Once the bottle of whiskey is opened, the liquid may lose some of its flavour over time however it will not expire or ‘go bad’. This is because the alcohol content is so high.

We recommend drinking an opened bottle of whiskey within six months in order to enjoy it at its best.

Will whiskey freeze?

Whiskey will not freeze in a conventional freezer.

Whiskey will freeze at around -27C. Most conventional freezers can only go as low as -18C.

What are the different types of whiskey?

Irish whiskey

As you may have guessed, Irish whiskey must be made in Ireland.

It can come in single-malt whiskey, grain whiskey, single-pot still whiskey and blended whiskey forms (see below for definitions of these whiskey variations).

You can expect Irish whiskeys to be smooth and rich on the palate, with a golden colour and none of the smokiness you might expect from Scotch (although there are exceptions).

A great example of Irish whiskey is Jameson Whiskey, which is distilled at the New Midleton Distillery in Cork. But the multi-award-winning Glendalough Irish Whiskey is worth a try too!

Rye whiskey

Rye whiskey is one of the first American whiskeys. It began being distilled when European settlers to America discovered that rye was one of the main grains to grow in the area they settled.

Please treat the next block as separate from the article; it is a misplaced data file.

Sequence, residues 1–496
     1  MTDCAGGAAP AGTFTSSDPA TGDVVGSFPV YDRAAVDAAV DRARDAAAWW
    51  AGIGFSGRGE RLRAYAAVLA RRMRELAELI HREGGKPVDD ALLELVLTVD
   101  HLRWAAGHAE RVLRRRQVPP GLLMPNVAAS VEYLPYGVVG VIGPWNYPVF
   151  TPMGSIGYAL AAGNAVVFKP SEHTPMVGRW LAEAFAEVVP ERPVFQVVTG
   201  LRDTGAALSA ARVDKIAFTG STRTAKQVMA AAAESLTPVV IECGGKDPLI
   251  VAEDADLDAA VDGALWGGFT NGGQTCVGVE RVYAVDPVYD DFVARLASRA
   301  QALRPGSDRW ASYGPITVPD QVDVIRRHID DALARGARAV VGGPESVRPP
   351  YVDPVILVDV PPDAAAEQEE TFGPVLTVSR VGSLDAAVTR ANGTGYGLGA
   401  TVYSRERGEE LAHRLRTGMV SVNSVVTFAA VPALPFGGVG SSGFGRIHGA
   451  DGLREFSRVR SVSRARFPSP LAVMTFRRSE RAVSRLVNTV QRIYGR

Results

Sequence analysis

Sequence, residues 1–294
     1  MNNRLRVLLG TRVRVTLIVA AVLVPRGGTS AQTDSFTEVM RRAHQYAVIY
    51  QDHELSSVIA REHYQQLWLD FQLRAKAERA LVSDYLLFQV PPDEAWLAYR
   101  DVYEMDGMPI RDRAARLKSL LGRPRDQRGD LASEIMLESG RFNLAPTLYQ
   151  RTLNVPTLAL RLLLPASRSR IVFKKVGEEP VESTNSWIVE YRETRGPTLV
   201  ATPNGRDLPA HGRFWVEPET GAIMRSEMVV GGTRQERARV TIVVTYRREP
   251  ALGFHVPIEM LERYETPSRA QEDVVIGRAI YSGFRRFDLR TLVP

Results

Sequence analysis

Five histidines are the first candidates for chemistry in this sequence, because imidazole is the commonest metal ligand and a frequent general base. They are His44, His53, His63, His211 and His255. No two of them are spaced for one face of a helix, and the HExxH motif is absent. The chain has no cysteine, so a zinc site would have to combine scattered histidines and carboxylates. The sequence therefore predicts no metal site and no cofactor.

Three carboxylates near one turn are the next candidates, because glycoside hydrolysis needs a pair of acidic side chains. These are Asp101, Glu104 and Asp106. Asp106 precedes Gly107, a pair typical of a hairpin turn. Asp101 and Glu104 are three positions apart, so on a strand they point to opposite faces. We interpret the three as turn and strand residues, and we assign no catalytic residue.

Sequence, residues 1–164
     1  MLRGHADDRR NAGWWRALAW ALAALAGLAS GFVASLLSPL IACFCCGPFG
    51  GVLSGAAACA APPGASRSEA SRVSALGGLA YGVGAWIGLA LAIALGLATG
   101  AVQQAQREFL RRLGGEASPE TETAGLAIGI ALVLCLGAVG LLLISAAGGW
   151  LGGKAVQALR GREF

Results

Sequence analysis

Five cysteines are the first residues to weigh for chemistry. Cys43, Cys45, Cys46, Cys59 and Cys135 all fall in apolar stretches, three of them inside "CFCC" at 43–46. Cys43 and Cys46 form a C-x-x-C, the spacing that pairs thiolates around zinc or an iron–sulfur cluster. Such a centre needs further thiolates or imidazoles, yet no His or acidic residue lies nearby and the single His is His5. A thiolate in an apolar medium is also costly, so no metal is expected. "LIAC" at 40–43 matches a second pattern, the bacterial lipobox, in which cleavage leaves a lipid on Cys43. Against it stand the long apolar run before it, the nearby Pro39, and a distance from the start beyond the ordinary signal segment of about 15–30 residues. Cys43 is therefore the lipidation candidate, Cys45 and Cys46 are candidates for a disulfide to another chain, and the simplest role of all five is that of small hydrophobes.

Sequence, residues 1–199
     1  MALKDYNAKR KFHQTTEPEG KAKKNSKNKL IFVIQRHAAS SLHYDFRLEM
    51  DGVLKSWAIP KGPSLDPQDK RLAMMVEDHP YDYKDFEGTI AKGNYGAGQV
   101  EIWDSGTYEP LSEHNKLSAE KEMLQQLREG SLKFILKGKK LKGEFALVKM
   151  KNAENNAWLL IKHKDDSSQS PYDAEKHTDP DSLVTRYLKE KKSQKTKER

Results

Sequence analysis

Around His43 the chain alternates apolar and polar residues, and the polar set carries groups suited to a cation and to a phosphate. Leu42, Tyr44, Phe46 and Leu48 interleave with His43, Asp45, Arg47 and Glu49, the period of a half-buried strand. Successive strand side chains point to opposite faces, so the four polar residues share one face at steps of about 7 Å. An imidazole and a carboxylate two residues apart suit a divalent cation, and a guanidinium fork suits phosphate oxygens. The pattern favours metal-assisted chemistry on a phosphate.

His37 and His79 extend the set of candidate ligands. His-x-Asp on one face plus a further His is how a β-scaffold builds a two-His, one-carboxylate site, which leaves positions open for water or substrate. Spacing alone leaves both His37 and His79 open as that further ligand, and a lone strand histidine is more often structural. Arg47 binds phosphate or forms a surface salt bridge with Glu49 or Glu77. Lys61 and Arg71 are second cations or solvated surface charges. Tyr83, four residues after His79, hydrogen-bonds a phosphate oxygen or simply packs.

The spirit must be made with at least 51% rye grain and be mixed with nothing but water to be labelled Rye whiskey. It is traditionally matured for at least two years in charred new oak barrels.

Rye whiskey has a flavour profile that is crisp, with hints of spice.

Sazerac Rye is a great rye whiskey to start with if you have never tried the spirit before and once you have tried that, you simply must give Arbikie Highlander Rye Single Grain Scotch Whisky a go too. This Scottish rye whisky is not to be missed!

Arbikie Highland Rye Scotch Whisky
You can try Arbikie Highland Rye Single Grain Scotch Whisky in our Whisky Special Selection box here. Image: Arbikie Distillery.

Bourbon whiskey

Bourbon whiskey, or simply ‘Bourbon’, is perhaps the most famed type of whiskey. To be labelled ‘Bourbon’ the spirit must be made with at least 51% corn grain and have only water added.

Bourbon must also be made in America, and it is most often distilled in the southern states although this is not a requirement.

And that’s not all. To get the full Bourbon seal of approval, the whiskey must be matured in charred new oak barrels for at least two years.